3 Mutual Fund Misfires to Avoid - February 21, 2020

Zacks Equity Research

If your advisor has you invested in any of these "Mutual Fund Misfires of the Market" with high fees and low returns, you need to rethink your advisor.

High fees coupled with poor results: It's a straightforward equation for an awful mutual fund. Some are more regrettable than others - and some are bad to the point that they have got a "Strong Sell" from our Zacks Rank, the lowest positioning of the almost 19,000 mutual funds we rank every day.

Below, you'll read about some of the funds included in our current list of "Mutual Fund Misfires of the Market." And if by chance you're invested in any of these misfires, we'll help and review some of our highest Zacks Ranked mutual funds.

3 Mutual Fund Misfires

Now, let's take a look at three market misfires.

AMF Ultra Short Mortgage Fund (ASARX): This fund has an expense ratio of 1.4% and a management fee of 0.45%. Without even doing any in-depth analysis, just the fact that you are paying more in fees than you're earning in returns is reason enough not to invest. ASARX is a Government Mortgage - Short mutual fund; these funds focus on the mortgage-backed securities (MBS) market and specifially, securities that have less than three years until maturity. The fund has lagged performance-wise, so perhaps a simpler index future investing strategy might be more effective.

BTS Tactical Fixed Income C (BTFCX): 2.24% expense ratio, 1% management fee. BTFCX is an Investment Grade Bond - Intermediate fund, which targets bonds that mature in more than three years but less than 15 years, and are a middle of the curve option for investors. This fund has an annual returns of 1.05% over the last five years. Another fund guilty of having investors pay more in fees than returns.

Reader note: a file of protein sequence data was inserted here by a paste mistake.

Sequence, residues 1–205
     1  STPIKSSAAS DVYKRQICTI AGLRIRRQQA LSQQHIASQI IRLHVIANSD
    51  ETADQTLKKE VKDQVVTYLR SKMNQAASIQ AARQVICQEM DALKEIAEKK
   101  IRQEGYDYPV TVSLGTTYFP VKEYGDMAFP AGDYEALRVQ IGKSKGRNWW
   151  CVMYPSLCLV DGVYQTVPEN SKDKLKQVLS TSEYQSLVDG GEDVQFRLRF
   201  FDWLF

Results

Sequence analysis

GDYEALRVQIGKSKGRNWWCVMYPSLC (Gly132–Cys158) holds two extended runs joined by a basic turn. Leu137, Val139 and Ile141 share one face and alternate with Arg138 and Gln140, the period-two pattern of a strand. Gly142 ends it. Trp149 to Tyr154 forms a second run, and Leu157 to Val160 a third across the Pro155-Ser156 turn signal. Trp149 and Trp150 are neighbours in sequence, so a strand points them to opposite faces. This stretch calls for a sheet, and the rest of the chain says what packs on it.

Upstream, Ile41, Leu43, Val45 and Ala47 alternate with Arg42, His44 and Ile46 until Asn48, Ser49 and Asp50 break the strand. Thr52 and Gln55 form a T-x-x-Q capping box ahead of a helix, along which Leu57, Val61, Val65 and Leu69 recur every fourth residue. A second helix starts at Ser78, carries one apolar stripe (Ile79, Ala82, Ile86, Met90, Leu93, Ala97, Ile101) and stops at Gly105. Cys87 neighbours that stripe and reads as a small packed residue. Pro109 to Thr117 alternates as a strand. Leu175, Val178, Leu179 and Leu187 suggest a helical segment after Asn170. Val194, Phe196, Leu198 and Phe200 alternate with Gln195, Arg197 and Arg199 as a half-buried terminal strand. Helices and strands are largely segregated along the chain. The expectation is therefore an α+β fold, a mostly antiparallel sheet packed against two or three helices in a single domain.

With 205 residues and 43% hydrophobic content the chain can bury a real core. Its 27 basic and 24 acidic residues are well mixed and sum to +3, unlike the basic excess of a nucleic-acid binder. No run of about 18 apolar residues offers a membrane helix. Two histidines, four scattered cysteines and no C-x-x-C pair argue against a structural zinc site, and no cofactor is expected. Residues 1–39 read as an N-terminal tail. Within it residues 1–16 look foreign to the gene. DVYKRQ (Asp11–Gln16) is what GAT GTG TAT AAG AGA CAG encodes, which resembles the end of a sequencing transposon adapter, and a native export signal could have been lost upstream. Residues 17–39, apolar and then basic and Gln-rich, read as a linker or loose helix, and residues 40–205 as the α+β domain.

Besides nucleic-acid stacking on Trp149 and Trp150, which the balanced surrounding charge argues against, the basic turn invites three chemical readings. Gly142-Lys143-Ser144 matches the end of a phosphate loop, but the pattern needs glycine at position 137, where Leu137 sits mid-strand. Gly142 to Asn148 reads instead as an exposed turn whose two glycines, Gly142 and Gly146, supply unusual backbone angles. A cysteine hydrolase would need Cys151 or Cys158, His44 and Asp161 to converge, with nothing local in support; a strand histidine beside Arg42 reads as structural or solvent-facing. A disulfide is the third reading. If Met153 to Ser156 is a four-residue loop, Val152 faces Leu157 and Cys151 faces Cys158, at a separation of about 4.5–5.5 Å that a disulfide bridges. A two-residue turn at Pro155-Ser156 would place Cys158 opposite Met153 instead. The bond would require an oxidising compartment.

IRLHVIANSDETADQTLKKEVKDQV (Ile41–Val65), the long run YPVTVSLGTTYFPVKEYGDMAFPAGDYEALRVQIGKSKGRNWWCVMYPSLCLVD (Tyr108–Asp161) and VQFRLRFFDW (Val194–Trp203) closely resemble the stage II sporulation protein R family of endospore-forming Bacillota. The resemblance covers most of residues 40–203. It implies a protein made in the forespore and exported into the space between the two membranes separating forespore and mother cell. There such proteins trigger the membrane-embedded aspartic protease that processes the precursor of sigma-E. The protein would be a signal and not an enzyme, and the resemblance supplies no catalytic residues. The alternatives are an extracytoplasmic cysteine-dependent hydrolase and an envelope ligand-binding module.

BlackRock Eurofund A (MDEFX) - 1.39% expense ratio, 0.75% management fee. This fund has yielded yearly returns of 1.32% in the course of the last five years. Too bad!

3 Top Ranked Mutual Funds

There you have it: some prime examples of truly bad mutual funds. In contrast, here are a few funds that have achieved high Zacks Ranks and have low fees.

MFS Mass Investors Growth Stock A (MIGFX) is a fund that has an expense ratio of 0.71%, and a management fee of 0.33%. MIGFX is a part of the Large Cap Growth mutual fund category, which invest in many large U.S. companies that are expected to grow much faster compared to other large-cap stocks. With yearly returns of 12.73% over the last five years, this fund clearly wins.

Fidelity Select Technology (FSPTX) has an expense ratio of 0.71% and management fee of 0.54%. FSPTX is a Sector - Tech mutual fund, allowing investors to own a stake in a notoriously volatile sector with a much more diversified approach. With annual returns of 19.94% over the last five years, this is a well-diversified fund with a long track record of success.

Harbor Large Cap Value Institutional (HAVLX) has an expense ratio of 0.69% and management fee of 0.6%. HAVLX is a part of the Large Cap Value category, and invests in equities with a market capitalization of $10 billion or more, but whose share prices do not reflect their intrinsic value. With yearly returns of 12.22% over the last five years, this fund is well-diversified with a long reputation of salutary performance.

Bottom Line

These examples underscore the huge range in quality of mutual funds - from the really bad to the astonishingly good. There is no reason for your advisor to keep your money in any fund that charges more than you get in return (unless they're getting something out of it, like a high commission).

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